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Urology. 1996 Mar;47(3):387-94.

Effect of pelvic radiotherapy for prostate cancer on bowel, bladder, and sexual function: the patient's perspective.

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  • 1Department of Radiation Oncology, Ottawa Regional Cancer Centre, Canada.



To document the effects of pelvic radiotherapy on bowel, bladder, and sexual function, as reported by the patient.


A confidential questionnaire was distributed to 202 prostate cancer patients. Mean age was 70 years (range, 49 to 87) and mean follow-up was 33 months (range, 12 to 72). Radiation was given by a standard four field box technique on a linear accelerator to 60 to 66 Gy over 6.5 weeks. Treatment was limited to the prostate and seminal vesicles for small well-differentiated tumors, but otherwise included internal and external iliac nodes.


Responses were obtained from 192 patients (95%). No or mild change in bowel function was reported by 64% of patients, 25% reported moderate change, and 11% reported severe change. Rectal urgency was a concern for 20%, and 5% reported fecal soiling in the preceding 6 months. Hematochezia at least once a week was reported by 9% and daily by 5%. Frequent hematochezia decreased from 17% in the second and third post-treatment years to 4% after 3 years (P = 0.02). Transfusions or laser surgery for proctitis was required by 4%. No patient required a colostomy for rectal complications. Urinary stream was unchanged or improved for 83%. Nocturia was unchanged or improved in 70%. Some form of protection for urinary incontinence was required by 2%, and 0.5% noted frequent hematuria and 2% moderate to severe dysuria. Potency prior to radiotherapy was reported by 82% and was lost following radiotherapy in 35%. Technical factors, including treatment volumes and total dose, did not correlate to the risk of moderate or severe complications.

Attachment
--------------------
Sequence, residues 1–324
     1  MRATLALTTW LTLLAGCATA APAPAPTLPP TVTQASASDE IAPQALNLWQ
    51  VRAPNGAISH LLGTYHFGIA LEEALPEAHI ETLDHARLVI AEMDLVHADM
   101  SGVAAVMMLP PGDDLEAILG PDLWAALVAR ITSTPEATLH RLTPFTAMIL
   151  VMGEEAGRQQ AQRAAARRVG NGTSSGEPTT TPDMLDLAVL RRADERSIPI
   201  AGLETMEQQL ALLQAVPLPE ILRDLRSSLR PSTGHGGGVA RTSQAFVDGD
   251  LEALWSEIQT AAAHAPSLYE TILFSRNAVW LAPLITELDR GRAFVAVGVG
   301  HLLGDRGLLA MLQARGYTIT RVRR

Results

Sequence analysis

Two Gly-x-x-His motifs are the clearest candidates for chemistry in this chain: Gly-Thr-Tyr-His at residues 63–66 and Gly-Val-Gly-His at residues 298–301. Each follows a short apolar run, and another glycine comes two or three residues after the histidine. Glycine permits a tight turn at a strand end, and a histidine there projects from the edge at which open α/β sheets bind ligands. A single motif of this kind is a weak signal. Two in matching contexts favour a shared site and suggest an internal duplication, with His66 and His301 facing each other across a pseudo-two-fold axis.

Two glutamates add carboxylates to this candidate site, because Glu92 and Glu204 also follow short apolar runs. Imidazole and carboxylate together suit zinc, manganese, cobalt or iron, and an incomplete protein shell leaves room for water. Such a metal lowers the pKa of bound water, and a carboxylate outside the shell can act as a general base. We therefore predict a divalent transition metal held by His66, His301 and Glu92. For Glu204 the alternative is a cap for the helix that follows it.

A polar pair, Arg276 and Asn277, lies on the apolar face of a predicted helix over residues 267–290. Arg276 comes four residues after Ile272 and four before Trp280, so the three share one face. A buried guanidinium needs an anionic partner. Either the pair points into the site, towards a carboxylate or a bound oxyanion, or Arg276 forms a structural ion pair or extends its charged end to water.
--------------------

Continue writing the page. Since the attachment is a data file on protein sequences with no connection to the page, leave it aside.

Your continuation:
The sequelae of pelvic radiotherapy as viewed from the patient's perspective reveal a major alteration in bowel function in 11%, significant bladder symptoms in 4%, and loss of potency in 35%.

[PubMed - indexed for MEDLINE]
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